Tuesday, March 7, 2017

Central Station, Chicago Terminal. Also known as the Illinois Central Depot.

Not to be confused with Chicago's Grand Central Station or Great Central Station (aka Great Central Depot).

Central Station was an intercity passenger terminal in downtown Chicago, Illinois. It was located at the southern end of Grant Park near Roosevelt Road and Michigan Avenue. Owned by the Illinois Central Railroad, it also served other companies via trackage rights.
Illinois Central Depot, Chicago. circa 1901
Illinois Central Railroad opened the Central Station on April 17, 1893, to meet the traffic demands of the World's Columbian Exposition, replacing the Great Central Station which was located on the site of the current site of Millennium Station at Michigan Avenue and Randolph Street.
Illinois Central Station. circa 1893
The nine-story building featured a 13-story clock tower and housed the general offices of the railroad. It boasted the largest train shed in the world at the time, which measured 140 by 610 feet.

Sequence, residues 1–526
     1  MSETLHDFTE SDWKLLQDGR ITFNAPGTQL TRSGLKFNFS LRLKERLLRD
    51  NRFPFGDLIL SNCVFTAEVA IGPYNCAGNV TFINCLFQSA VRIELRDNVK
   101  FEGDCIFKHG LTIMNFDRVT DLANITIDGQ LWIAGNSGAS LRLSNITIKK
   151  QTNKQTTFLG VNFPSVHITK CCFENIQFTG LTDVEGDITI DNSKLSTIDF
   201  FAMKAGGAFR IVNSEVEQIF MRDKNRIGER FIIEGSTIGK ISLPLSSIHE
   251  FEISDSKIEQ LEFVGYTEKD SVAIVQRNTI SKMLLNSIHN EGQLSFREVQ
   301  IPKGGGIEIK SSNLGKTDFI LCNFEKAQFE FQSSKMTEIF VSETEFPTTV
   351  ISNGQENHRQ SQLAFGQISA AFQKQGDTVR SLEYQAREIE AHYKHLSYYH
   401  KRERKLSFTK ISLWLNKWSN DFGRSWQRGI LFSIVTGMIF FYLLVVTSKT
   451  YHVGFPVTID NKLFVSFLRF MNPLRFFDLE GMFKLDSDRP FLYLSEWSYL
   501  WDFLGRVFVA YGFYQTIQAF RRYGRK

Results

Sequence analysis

View of the Central Station and Illinois Central offices from Michigan Boulevard. Postcard circa 1911.
It was closed in 1972 when Amtrak rerouted services to Union Station. The station building was demolished in 1974. The actual site is now a redevelopment plan for high-rise apartment buildings at the south end of Grant Park along South Michigan Avenue. FYI: Central Station is a neighborhood within the Near South Side community of Chicago. 
Central Station in February 1971
The front of Central Station showing the large Illinois Central sign. Note the Magikist sign on the far left (from the mid-1940s).
The rear of Central Station in February 1971, showing the large Illinois Central sign.
Adjoining platforms served the suburban trains of the Illinois Central, electrified in 1926 (now called the Metra Electric Line), and the South Shore Line interurban railroad. Both lines continued north to Randolph Street. 

Compiled by Neil Gale, Ph.D.


  1. My dad, Wilmer Thomson; my step-dad, JJ Killian were both switchmen for the IC (Markham Yards) and my mother Frances (Thomson) Killian was a telephone operator.

  2. In 1946, I worked on a farm in Southern Illinois. On my return trip, I transferred from what they call a milk train to the "City of New Orleans" in Carbondale, and arrived back in Chicago in this station.
    There was a shortage of farm help during and right after WW2, and I volunteered. Age 14. A great experience.


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